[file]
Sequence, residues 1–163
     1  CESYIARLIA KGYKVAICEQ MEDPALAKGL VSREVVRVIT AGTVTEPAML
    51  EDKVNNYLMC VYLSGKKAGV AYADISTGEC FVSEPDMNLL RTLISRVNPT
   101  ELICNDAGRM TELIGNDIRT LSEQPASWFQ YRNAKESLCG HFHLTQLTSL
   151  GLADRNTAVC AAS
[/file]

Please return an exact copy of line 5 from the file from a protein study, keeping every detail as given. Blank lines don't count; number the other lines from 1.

   151  GLADRNTAVC AAS